The last limestone brick is in place. The final yard of concrete poured. The whirlwind work on a $75 million renovation to Bill Snyder Family Stadium is complete.
All that’s left is for fans to starting spinning the turnstiles.
Project supervisor AECOM announced Thursday that the renovation of the west side of the 45-year-old stadium in Manhattan, Kan., finished on schedule. Construction had to be squeezed into eight months in order to be ready for the Wildcats’ opener Aug. 30 against North Dakota State.
The renovation resulted in new premium seating, improved media and broadcast facilities, the addition of the K-State Athletics Hall of Honor and other amenities. It also doubled the amount of field lighting to meet NCAA national standards for high-definition TV broadcasts.
”We want the game-day experience at K-State to be special,” associate athletics director Scott Garrett said. ”Our goal is for fans to walk away from our stadium — regardless of whether the team won or lost and which team they are supporting — and feel that their return on investment was well beyond the price of their ticket and that it was a very special experience.”
The massive stadium project, which was announced in January 2012 and funded entirely through private donations, is designed to go a long way toward improving the fan experience.
Where once a double-wide trailer served as the press box, and later a simple structure to house the media and fans, there is now a 250,000 square-foot facility. It includes new suites and loge seating, retail locations and expansive concession and restroom facilities that also can be utilized by fans sitting in the preexisting bowl portion of the stadium.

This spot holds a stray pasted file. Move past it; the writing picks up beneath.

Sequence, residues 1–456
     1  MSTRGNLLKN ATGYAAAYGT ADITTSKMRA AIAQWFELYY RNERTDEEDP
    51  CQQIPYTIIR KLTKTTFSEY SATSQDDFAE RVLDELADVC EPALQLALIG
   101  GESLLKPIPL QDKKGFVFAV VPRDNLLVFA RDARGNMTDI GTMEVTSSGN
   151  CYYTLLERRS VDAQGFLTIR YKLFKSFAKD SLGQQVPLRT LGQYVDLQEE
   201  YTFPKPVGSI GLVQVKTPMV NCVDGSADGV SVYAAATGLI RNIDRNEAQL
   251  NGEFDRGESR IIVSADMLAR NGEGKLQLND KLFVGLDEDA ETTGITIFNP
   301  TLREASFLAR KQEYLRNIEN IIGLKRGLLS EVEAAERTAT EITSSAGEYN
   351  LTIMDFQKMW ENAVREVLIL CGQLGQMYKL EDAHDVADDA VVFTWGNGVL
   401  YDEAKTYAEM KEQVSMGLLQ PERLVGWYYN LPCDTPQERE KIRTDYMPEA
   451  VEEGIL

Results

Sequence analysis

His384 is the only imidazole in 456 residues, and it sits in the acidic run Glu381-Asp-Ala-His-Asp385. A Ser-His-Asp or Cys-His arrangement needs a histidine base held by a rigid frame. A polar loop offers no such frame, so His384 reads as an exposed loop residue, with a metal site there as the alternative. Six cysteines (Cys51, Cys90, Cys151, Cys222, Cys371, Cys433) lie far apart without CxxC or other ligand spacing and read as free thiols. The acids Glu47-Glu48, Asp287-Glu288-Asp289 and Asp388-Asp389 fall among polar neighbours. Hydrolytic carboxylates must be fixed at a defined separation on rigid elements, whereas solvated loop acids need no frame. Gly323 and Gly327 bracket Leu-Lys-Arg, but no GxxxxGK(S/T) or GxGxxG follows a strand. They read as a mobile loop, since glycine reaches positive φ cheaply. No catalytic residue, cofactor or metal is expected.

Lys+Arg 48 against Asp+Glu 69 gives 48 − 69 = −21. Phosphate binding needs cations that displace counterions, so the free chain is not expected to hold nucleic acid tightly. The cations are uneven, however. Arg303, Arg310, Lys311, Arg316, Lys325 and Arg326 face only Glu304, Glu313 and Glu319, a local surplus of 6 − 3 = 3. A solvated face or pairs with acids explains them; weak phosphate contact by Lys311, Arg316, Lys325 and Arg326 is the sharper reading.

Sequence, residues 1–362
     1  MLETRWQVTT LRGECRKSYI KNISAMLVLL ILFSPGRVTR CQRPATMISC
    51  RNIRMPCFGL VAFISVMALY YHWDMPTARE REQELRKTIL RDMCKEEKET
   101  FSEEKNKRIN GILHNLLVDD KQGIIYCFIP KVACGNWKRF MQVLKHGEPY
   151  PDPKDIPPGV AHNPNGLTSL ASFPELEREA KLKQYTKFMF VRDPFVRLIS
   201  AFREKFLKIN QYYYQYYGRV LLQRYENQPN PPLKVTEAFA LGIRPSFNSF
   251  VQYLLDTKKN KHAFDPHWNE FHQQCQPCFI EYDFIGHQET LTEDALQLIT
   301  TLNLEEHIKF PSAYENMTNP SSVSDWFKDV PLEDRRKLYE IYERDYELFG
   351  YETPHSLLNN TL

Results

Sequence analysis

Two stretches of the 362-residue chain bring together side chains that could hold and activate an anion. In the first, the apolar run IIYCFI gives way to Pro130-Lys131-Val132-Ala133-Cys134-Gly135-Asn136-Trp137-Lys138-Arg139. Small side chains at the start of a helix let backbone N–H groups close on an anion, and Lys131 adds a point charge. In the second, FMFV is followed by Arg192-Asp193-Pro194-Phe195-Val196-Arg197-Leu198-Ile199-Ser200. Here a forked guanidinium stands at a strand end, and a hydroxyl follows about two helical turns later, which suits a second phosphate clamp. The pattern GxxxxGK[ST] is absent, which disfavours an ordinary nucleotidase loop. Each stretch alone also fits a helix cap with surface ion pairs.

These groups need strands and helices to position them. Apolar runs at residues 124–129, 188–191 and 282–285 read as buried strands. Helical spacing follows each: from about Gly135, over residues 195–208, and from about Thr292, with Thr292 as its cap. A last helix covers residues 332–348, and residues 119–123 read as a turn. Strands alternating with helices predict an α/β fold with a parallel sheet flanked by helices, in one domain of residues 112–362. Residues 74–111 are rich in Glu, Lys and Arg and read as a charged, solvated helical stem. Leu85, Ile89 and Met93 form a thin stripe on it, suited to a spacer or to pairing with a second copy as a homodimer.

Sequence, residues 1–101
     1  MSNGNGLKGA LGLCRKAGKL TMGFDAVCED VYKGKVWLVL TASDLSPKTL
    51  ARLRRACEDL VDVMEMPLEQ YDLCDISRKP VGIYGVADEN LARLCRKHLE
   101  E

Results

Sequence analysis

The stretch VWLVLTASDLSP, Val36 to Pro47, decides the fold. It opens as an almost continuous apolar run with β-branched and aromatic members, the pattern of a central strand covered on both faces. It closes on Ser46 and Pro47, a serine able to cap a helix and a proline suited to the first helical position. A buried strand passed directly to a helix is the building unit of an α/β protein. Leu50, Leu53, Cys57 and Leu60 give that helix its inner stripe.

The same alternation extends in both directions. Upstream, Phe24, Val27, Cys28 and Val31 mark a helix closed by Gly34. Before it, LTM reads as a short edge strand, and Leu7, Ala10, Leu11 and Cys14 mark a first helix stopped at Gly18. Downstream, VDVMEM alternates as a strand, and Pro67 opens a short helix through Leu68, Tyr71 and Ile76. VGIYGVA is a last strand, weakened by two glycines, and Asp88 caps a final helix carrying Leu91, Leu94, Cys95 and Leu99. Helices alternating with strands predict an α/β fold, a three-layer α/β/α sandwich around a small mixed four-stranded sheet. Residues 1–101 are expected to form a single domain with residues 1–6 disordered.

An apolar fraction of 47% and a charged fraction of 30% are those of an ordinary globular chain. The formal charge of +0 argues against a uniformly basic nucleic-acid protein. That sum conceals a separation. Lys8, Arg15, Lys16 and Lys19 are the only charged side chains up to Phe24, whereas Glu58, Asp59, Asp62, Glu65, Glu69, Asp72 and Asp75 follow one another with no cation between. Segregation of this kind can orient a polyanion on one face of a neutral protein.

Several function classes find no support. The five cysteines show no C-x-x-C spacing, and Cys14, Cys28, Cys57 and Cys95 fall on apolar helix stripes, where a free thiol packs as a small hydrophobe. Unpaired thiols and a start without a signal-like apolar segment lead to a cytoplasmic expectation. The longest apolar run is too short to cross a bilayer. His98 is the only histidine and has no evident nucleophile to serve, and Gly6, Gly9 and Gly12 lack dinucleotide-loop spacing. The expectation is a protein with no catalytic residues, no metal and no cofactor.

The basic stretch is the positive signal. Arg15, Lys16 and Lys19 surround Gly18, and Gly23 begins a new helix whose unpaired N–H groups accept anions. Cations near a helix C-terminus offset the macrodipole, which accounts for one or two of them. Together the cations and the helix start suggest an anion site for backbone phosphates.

”To see the facilities and what’s happened here, it’s truly remarkable,” Big 12 commissioner Bob Bowlsby said after a recent tour of the construction. ”I think a lot of people have had their hands on it, but I don’t think anybody has done as much as Coach Snyder.”
Indeed, the stadium had undergone a dramatic transformation since Snyder arrived on campus prior to the 1989 season. There were high school stadiums that were nicer than KSU Stadium, as it was known back then, and the digs made it difficult for the program to attract recruits.
That should no longer be such a big problem.
”The vibrancy, the robustness that you have here, it’s a prosperous feeling,” Bowlsby said, ”a feeling that comes with winning.”
The imposing structure clad in limestone stretches from one end zone to the other, opposite the upper level added to the east side of the stadium after the 1998 season. It gives off the feeling that the stadium is much larger, even though the listed capacity remains 50,000.
”We’ve sold a record number of season tickets,” said Kansas State athletic director John Currie, who has spearheaded the project. ”Weather-pending, we’ll have the most fans ever to come to the stadium this season, about 400,000, which would set the all-time attendance record.”
The opener against North Dakota State is sold out, including the standing-room only tickets, which should make for a festive atmosphere when the renovation is dedicated.
The project is the centerpiece of a master plan that was launched in August 2011. The next phase, which is already under development, will include a new strength and conditioning center, recruiting lounge and other aesthetic improvements.
”The stadium renovation is the largest construction project undertaken in the university’s history,” said Jon Niemuth, sports design director for AECOM, the architect of record for the project. ”We knew it would require innovative and careful planning to deliver the new stadium to K-State fans with no interruption to the football schedule.”